Wednesday, March 15, 2006


Local diver honored for documenting shipwrecks

By Shandra Martinez
March 11, 2006

PARK TOWNSHIP -- Many people might not think of Lake Michigan's cold, dark waters as a scuba-diving haven.

But Valerie Olson van Heest has spent much of the past two decades in their depths documenting and preserving shipwrecks.

"It has given me a lifetime of exciting adventure, and I've met some of the most amazing people dedicated to this avocation," van Heest said.

This month, the 45-year-old Park Township woman will be among six women being inducted into the international Women Divers Hall of Fame.

She admits being floored by the honor that puts her in a sorority with "Sea Hunt" star Zale Parry, Eugenie "Shark Lady" Clark, veteran shipwreck diver Evelyn Dudas and safety expert Andrea Zaferes.

Van Heest has built a reputation as a leading Lake Michigan underwater archivist, said Cris Kohl, a maritime historian and author of 10 books about Great Lakes history.

"She has really specialized in the area, and I would put her up with anybody," Kohl said of van Heest.

Van Heest's drawings of shipwrecks and other maritime research have been featured in books, articles and documentaries.

"To me what makes her a real star is how she shares all her information, research and drawings with the public and other researchers," said Joan Forsberg, a diver and Kohl's wife.

Van Heest is only the third woman from the Midwest to be inducted into the hall, said Joyce Hayward, a 2001 inductee from Ohio, who nominated van Heest.

The hall was created to recognize and honor women who have succeeded in a traditionally male sport while raising public awareness of their exceptional contributions in many fields, Hayward said.

Working as a volunteer, she has helped grow three nonprofit organizations in Michigan and Illinois dedicated to charting Lake Michigan waters for shipwrecks.

She co-founded the Underwater Archaeological Society of Chicago; headed the Southwest Michigan Underwater Preserve Committee, which established the state's 10th underwater preserve; and co-founded the Holland-based Michigan Shipwreck Research Associates.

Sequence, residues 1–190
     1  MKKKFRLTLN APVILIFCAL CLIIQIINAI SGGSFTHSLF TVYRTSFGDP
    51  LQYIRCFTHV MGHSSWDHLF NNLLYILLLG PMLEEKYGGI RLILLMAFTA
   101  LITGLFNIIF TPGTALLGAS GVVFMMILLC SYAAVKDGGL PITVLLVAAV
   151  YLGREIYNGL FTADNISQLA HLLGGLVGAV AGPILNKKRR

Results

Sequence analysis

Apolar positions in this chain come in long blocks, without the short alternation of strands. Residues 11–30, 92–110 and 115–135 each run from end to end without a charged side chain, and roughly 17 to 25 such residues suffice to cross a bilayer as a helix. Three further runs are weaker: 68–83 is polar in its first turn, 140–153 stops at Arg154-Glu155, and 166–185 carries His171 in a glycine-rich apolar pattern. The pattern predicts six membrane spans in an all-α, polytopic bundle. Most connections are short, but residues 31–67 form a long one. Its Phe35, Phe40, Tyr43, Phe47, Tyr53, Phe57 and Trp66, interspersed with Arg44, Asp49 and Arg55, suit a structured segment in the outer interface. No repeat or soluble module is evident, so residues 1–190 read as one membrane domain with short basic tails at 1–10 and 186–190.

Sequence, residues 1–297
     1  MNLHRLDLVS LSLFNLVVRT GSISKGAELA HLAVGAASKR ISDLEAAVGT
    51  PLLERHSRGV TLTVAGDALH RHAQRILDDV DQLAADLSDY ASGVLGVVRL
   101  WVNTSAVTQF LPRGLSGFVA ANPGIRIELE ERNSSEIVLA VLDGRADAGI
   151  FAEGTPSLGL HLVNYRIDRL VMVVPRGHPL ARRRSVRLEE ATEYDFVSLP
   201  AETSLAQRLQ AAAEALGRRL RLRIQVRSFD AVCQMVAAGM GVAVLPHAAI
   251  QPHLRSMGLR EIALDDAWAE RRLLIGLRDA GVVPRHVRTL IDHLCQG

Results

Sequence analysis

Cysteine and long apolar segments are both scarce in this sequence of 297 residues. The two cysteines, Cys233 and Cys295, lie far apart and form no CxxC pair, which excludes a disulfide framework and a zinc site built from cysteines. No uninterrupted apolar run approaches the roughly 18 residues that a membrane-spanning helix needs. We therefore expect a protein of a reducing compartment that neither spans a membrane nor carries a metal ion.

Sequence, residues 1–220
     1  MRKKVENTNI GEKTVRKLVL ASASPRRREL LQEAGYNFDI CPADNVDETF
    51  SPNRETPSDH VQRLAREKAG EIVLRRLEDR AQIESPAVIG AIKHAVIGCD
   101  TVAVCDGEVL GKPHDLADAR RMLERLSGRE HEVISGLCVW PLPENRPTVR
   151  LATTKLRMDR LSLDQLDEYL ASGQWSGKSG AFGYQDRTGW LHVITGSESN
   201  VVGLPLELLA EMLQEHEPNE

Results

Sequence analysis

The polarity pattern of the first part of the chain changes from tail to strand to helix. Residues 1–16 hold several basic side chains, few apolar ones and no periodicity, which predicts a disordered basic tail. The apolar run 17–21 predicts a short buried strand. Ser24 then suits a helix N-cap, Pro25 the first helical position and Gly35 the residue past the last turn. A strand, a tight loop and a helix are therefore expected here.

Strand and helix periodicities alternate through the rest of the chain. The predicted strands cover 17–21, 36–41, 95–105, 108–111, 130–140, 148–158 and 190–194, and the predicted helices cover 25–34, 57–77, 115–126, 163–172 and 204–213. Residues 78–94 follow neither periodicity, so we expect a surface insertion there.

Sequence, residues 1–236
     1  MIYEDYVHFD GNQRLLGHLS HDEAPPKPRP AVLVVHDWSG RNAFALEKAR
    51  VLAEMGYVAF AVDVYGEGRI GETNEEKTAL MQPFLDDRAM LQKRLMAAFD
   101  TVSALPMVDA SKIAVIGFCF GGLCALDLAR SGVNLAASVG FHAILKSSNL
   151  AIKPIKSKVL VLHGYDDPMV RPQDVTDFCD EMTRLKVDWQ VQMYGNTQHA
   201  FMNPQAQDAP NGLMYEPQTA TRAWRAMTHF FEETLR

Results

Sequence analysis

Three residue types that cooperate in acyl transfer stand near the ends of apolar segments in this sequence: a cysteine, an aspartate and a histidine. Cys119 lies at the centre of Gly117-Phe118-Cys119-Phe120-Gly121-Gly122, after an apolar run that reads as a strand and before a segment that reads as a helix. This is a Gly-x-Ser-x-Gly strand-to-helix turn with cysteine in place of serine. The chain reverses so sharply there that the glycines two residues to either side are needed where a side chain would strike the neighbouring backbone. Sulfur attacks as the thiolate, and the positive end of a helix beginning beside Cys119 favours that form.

Michigan Shipwreck Research Associates is dedicated to researching, searching, documenting and producing educational programs on Michigan shipwrecks.

The daughter of a Navy diver, van Heest grew up in the Chicago area.

She began scuba diving at 16 because her employer, a scuba-diver manufacturer, made it a requirement.

With Lake Michigan a mile from her doorstep, she tried out her new skill there. She swam out to her first shipwreck, the sunken George Morley schooner buried 1,000 feet from shore in 20 feet of water near Evanston, Ill.

A decade later, she began working with a diving group associated with Chicago Maritime Museum to document shipwrecks and maritime history in Lake Michigan.

"I jumped at the chance because I found like-minded people who wanted to use their sport for a great purpose," van Heest said.

She relocated to Holland in 1995 after marrying Jack van Heest, a scuba diver she met at a conference. The parents of two, they have also teamed up as part of Michigan Shipwreck Associates' ongoing efforts.

Her induction into Women Divers Hall of Fame in ceremonies March 25 in Secaucus, N.J., during the 30th annual Beneath the Sea exposition will be accompanied by some work at the conference. She will present a Michigan Shipwreck Associates' documentary on last June's discovery of the S.S. Michigan, a 204-foot, iron-hulled ship destroyed by ice in 1885 and found upright in more than 270 feet of Lake Michigan water west of Holland.


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